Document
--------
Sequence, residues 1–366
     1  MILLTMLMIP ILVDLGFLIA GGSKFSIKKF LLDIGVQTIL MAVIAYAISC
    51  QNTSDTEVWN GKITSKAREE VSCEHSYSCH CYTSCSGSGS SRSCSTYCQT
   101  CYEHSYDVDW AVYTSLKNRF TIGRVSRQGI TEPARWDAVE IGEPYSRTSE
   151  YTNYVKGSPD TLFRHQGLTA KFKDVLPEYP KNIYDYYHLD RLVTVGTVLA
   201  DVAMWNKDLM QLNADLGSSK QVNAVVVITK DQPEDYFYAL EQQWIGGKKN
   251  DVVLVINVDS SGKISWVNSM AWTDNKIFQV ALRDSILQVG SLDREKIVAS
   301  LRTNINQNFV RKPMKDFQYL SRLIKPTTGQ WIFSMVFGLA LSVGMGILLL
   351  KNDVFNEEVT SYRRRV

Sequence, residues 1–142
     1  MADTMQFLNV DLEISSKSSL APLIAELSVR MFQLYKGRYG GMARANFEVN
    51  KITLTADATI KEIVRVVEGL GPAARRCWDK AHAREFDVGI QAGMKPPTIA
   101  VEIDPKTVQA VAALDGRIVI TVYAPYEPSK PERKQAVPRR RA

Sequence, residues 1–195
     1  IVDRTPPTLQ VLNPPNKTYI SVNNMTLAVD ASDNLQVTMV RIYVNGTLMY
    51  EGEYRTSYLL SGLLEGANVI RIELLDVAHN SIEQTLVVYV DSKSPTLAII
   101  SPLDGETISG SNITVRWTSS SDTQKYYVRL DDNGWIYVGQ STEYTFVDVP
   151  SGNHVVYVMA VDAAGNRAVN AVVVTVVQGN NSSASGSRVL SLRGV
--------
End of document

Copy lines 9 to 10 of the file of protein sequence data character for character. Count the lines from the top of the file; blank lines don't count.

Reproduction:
   351  KNDVFNEEVT SYRRRV

Sequence, residues 1–142